• Requiring authorizers to develop intervention strategies and escalating, corrective consequences for charter schools that have not followed the uniform discipline policy; and

WHEREAS, the charter rubric identifies the need for cooperative planning for charter facilities and co-locations by:

  • Requiring meaningful public input on co-location and/or facilities planning;
  • Developing uniform standards for the use of public school locations;
  • Creating fair guidelines on the use of shared spaces in co-located campuses; and
  • Requiring stakeholder input on yearly impact reports for co-located facilities; and

WHEREAS, the charter rubric identifies the need for clear monitoring and oversight regulations of charter schools by:

  • Empowering the state department of education to oversee authorizers;
  • Ensuring no conflict of interest exists between the authorizer and the schools it monitors;
  • Providing local public control of charter authorizing;
  • Providing basic whistleblower protections;
  • Requiring public disclosure of real estate transactions between charter schools and non-public entities; and
  • Requiring revenues, expenditures and audits of charter schools and management companies hired to run charter schools be posted publicly and in the same format as traditional public schools; and

WHEREAS, the charter rubric identifies the need for either a prohibition of online schools or strict guidelines for their implementation; and

WHEREAS, AFT members believe every school that receives public resources should be open, transparent and accountable to the public; and

WHEREAS, weak charter school legislation in many states has encouraged waste, fraud, abuse and a lack of public transparency in charter schools; and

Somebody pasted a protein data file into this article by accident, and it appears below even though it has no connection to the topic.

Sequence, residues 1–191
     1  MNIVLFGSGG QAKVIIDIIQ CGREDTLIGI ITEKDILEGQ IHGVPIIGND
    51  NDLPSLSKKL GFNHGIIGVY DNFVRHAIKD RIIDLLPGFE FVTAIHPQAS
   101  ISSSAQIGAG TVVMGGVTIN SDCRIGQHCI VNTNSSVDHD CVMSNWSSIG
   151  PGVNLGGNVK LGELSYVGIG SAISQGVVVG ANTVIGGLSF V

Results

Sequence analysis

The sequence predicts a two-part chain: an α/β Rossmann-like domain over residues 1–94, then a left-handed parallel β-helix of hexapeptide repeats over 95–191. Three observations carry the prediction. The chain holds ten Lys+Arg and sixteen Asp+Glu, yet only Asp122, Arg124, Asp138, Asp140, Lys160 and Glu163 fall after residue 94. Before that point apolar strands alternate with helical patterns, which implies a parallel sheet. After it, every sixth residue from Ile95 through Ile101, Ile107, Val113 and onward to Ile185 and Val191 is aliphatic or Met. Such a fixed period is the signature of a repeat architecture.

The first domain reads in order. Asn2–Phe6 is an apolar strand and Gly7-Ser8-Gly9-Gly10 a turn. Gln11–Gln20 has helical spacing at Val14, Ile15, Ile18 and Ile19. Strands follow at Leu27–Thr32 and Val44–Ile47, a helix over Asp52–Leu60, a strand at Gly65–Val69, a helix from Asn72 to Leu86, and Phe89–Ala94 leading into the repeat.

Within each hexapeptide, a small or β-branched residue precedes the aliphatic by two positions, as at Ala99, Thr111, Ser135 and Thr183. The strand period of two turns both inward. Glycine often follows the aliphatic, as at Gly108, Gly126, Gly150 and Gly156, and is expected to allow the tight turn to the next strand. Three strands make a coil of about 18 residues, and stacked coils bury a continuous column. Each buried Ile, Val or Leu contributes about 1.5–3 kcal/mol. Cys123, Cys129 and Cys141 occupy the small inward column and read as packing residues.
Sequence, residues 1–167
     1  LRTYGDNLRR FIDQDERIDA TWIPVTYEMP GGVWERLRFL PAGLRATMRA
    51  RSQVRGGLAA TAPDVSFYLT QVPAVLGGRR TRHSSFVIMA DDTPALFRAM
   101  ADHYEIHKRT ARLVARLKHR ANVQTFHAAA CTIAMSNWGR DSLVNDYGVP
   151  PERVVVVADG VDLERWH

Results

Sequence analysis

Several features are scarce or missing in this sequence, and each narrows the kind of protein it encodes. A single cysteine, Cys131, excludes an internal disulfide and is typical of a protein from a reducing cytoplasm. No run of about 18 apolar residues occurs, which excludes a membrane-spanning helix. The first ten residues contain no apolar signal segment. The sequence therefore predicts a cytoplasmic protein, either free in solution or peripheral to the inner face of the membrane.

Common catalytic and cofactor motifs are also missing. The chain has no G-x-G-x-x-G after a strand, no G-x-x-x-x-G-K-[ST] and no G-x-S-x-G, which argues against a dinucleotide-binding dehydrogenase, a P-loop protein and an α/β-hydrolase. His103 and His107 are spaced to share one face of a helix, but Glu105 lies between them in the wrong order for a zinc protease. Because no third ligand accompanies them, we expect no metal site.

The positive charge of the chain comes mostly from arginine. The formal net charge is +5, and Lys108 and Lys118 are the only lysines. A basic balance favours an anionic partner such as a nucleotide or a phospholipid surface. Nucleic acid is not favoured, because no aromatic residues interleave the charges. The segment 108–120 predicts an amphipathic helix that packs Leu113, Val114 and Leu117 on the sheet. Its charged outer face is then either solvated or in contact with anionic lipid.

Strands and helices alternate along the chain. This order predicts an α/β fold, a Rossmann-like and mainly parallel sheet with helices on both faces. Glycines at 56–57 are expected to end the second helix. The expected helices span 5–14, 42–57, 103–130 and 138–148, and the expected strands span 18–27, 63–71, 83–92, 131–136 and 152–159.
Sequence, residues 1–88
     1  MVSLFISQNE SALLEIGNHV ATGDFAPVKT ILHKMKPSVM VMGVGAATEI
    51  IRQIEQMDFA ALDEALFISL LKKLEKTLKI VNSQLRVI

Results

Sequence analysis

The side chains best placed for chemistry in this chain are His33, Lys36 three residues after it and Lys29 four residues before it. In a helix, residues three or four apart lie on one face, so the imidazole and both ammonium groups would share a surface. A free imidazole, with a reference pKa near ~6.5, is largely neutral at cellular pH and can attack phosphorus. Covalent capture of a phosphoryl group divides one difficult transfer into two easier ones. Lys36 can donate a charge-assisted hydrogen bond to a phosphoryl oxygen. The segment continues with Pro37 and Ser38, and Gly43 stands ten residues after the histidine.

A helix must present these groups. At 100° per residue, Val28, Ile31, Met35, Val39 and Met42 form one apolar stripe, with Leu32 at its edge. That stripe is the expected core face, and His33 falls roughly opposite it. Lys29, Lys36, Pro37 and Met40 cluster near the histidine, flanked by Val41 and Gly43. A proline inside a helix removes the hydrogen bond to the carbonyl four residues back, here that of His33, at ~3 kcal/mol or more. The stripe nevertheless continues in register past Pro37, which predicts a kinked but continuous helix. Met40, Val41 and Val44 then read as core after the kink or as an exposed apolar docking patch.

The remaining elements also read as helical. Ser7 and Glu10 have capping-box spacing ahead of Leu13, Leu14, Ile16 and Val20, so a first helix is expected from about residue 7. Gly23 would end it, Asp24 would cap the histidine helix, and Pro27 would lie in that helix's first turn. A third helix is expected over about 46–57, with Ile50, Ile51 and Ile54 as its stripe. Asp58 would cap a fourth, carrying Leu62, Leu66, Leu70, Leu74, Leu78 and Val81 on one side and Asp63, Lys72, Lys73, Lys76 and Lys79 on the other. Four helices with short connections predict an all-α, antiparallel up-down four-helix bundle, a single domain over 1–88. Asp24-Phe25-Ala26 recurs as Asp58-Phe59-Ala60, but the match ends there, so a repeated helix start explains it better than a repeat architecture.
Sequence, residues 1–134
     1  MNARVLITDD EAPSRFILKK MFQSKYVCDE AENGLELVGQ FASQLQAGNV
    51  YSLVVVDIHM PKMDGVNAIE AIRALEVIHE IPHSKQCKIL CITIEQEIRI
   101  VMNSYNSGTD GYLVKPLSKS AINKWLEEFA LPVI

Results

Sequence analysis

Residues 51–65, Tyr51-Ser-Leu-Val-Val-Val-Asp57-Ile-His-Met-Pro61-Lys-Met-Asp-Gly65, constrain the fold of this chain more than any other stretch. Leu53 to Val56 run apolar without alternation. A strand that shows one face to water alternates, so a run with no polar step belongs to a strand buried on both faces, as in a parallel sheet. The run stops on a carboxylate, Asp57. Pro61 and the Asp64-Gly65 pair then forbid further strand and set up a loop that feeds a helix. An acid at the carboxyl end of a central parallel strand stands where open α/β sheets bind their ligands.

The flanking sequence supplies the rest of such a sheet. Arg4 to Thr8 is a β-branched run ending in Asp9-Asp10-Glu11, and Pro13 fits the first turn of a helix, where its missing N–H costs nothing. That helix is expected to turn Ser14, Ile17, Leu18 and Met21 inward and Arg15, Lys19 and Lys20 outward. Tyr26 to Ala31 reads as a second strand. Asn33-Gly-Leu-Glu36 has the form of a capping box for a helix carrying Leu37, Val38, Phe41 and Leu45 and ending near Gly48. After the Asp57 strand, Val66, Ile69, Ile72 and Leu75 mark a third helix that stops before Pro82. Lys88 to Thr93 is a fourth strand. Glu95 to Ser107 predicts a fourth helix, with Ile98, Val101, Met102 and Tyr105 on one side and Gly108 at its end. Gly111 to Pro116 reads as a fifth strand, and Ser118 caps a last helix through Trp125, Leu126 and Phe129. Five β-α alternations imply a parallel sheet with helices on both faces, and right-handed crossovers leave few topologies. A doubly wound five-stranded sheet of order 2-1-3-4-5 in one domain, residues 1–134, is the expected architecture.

WHEREAS, AFT members in unionized charter schools have effectuated greater transparency and accountability through the collective bargaining process; and

WHEREAS, public charter schools are funded by the public, serve the public and are staffed by public servants, and charter holders and operators must not be allowed to prioritize their private interests over the public interest; and

WHEREAS, the legislative rubric developed by AFT educators working in charter schools demonstrates that every state’s charter school law is lacking in multiple measures of accountability; and

WHEREAS, charter school laws that lack accountability need to be strengthened in order to protect the public good and promote the public interest in every school serving the public:

RESOLVED, that the American Federation of Teachers will make public the charter school legislative rubric and analysis of state legislation in a format that the public can easily understand; and

RESOLVED, that the AFT will lobby for changes to existing state charter school laws that do not align with the best practices identified in the charter legislative rubric; and

RESOLVED, that the AFT will call for a moratorium on charter school expansion in cities or states that have weak charter school laws as defined by the legislative rubric; and

RESOLVED, that the AFT will continue to support new member organizing in charter schools across the country.

RESOLVED, that the AFT supports and endorses the NAACP’s call for a national moratorium on new charter authorizations until the AFT rubric is adopted nationally.

(2018)

Please note that a newer resolution, or portion of a resolution, may have superseded an earlier resolution on the same subject. As a result, with the exception of resolutions adopted at our most recent AFT convention, resolutions do not necessarily reflect current AFT policies.